For a very short period in my life, I allowed myself to try something wild, unusual, and very far outside of my comfort zone. I was in my first year of law school, had recently divorced, and was living alone in Los Angeles. I was meek, lonely for friends, searching for myself, and decided that regardless of how crazy it was, I was willing to put in the time, effort, and emotion to train to be a Dominatrix. It turned out to be one of the best experiences of my life, and, surprisingly, one of the best things I ever could have done for my mental health.
I Can’t Believe You Are Sharing This – Have You No Shame?
You know, this is something I thought a lot about. And at the end of the day, I don’t think I have anything to be ashamed of here. I trained so that I could put on shows at clubs. It’s performance art. I wasn’t a prostitute or anything. I never did any sort of house-calls or had a stable of submissives who did whatever I wanted them to because I gave them the kind of pain they wanted to feel. I didn’t touch anyone sexually or inappropriately, nor was I ever naked or partially naked in any situation that the training or performing involved.
In all honesty, I put on one show, on one night, and decided, “It’s not for me.” and quit. But I didn’t quit before I learned some important things about myself and about how to tackle life.
Crafting Who You Want To Be
I didn’t realize it at the time, but my Master was teaching me how to like myself — how to actually be the person I most wanted to be in life — by allowing me to create an alter-ego. I first had to come up with a stage name, which felt ridiculous: but what appeal is there to “Rachael”? Does it really inspire any “oohs” or “ahhs”? This alter-ego allowed me to play make-believe and act differently than I usually did – because it wasn’t me… it was her doing those things. It allowed me to demand respect. It allowed – no, required -me to stand taller. It allowed me to spend money on myself, when I never normally would. It allowed me to spend time reading books on psychology and sexuality and not just spend all of my time on law.
It made me a better version of myself on almost every level, because “Mistress Renee” was not afraid of anything or anyone, where “Rachael” was afraid of her own shadow. I learned the importance of having the courage of my convictions, the importance of follow-through on threats, the delicacy of negotiation, and the necessity of attention to an infinite number of details for safety’s sake. I learned how to not appear intimidated even when I was almost ready to throw up right where I stood. I learned how to crack an 8 foot signal whip, and the importance of not doing it inside. 🙂 And I learned that I look good in corsets, and I love them.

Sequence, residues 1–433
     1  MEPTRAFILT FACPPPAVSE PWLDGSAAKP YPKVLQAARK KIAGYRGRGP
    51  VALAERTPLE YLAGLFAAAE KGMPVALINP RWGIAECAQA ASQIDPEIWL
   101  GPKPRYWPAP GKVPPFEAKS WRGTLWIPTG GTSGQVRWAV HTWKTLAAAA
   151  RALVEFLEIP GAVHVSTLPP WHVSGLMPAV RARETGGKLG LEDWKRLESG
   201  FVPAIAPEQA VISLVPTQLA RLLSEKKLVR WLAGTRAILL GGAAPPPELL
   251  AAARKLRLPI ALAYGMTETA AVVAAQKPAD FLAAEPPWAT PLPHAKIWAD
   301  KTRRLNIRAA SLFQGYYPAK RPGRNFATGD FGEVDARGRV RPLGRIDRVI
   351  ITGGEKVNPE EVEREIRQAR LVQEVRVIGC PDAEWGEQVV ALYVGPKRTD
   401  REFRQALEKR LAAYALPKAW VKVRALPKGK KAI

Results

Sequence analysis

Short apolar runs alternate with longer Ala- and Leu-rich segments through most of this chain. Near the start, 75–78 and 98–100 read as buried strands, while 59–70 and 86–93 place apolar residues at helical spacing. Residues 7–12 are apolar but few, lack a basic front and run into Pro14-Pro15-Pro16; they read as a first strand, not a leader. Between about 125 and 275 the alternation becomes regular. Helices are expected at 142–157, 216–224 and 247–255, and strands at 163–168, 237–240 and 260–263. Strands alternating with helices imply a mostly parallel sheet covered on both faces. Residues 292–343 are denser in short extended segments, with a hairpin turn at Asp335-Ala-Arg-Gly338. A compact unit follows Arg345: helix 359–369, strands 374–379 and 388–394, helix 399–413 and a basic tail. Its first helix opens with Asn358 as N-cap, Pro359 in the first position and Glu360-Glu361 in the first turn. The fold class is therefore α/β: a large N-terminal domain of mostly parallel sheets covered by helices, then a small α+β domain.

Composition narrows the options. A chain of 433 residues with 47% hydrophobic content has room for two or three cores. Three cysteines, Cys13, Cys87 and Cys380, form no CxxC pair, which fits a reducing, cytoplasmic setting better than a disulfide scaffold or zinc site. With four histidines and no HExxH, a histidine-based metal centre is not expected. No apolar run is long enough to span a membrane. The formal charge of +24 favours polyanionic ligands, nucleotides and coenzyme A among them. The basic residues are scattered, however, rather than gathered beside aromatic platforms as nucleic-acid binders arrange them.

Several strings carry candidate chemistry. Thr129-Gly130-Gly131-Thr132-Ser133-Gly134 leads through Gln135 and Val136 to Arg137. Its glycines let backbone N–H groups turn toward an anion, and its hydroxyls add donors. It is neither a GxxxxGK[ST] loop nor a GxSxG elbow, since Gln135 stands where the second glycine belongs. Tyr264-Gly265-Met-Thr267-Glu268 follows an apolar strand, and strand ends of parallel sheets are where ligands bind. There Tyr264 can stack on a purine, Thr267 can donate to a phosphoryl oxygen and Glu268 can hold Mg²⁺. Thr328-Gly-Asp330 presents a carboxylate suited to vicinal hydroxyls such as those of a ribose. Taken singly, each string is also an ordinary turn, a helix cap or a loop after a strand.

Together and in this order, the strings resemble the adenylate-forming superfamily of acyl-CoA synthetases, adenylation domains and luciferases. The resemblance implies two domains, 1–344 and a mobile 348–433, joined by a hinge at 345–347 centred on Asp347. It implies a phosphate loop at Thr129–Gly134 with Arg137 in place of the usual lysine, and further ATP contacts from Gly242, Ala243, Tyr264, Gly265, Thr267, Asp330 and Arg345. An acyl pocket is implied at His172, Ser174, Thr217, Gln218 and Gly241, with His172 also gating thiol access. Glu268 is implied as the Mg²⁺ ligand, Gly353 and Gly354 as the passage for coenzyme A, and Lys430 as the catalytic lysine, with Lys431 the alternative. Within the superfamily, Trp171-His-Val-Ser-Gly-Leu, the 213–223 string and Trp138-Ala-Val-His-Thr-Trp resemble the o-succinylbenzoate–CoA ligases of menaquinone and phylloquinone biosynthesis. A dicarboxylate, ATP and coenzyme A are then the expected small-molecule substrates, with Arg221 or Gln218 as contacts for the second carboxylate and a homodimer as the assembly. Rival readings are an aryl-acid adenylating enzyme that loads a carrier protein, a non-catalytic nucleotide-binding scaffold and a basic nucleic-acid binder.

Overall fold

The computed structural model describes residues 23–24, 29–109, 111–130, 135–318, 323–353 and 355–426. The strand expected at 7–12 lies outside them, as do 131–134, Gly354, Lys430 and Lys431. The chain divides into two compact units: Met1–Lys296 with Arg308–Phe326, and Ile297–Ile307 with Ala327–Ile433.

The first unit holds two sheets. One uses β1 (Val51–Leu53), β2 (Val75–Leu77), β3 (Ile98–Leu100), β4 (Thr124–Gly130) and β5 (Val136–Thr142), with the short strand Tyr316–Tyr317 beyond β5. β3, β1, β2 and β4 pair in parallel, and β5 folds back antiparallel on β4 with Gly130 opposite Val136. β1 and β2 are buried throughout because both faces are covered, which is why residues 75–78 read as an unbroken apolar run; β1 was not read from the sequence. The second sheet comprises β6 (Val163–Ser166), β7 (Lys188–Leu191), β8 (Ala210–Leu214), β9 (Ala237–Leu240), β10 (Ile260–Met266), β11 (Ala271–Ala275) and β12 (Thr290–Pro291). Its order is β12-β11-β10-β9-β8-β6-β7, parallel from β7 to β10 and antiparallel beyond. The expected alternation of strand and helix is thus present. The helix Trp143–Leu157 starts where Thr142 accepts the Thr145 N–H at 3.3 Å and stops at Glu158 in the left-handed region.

Hanging Up My Boots & Crop
Fun times with the “Mistress” moniker didn’t last long at all. One of the first things I learned about myself was that, regardless of the desires of the submissive I was working with, I don’t like physically hurting anyone. It’s just not part of who I am. It also didn’t help that I had just met a man named Adam who made me smile all the time… and he didn’t particularly enjoy the idea of his new girlfriend publicly performing like that. Those two things made the decision to quit very clear.
Power & Control
Being a Top is all about power and control. And you have to have it over yourself before you can have it over anyone else. You have a responsibility to whoever you’re working with to know exactly how the show is going to go. You have a responsibility to yourself to know that you’re clear-headed, and that you’re acting in line with the agreement you’ve made. You are always on the hook. It is up to you to make sure things go right – not just for yourself, but for your partner, and for the crowd that is watching.
Power & Control are also two things that I feel that I have lost in my life over the years to MS and seizure disorder… and that I am taking back, along with my self-esteem. I have, for some time now, felt like I am at the effect of my body and my circumstances, and been woefully depressed, convinced of my own impotence to make life better.
The Triumphant Return of My Second Self
Last night, when I told my therapist about having gone through training, she lit up. She said, “You already have all the skills you need to be okay, then. You just need to dust them off.” And it was in that moment that I could feel my psyche lacing up a pair of high-heeled patent leather boots, and saying to me, “You know how I am to be treated.” and I knew that I would be better than just ok.
It was in that moment that I realized that I have to start thinking of myself as the person that I want to be, and not as the person I judge myself to be.
There are going to be some serious changes in how I take care of myself. I’ve forgotten that inside of me, there’s a person who doesn’t take any shit, who deserves to be treated like a goddess, and who actually thinks rather highly of herself. I think I deserve to fully integrate her… and maybe, if he’s agreeable, to go out clubbing with my husband.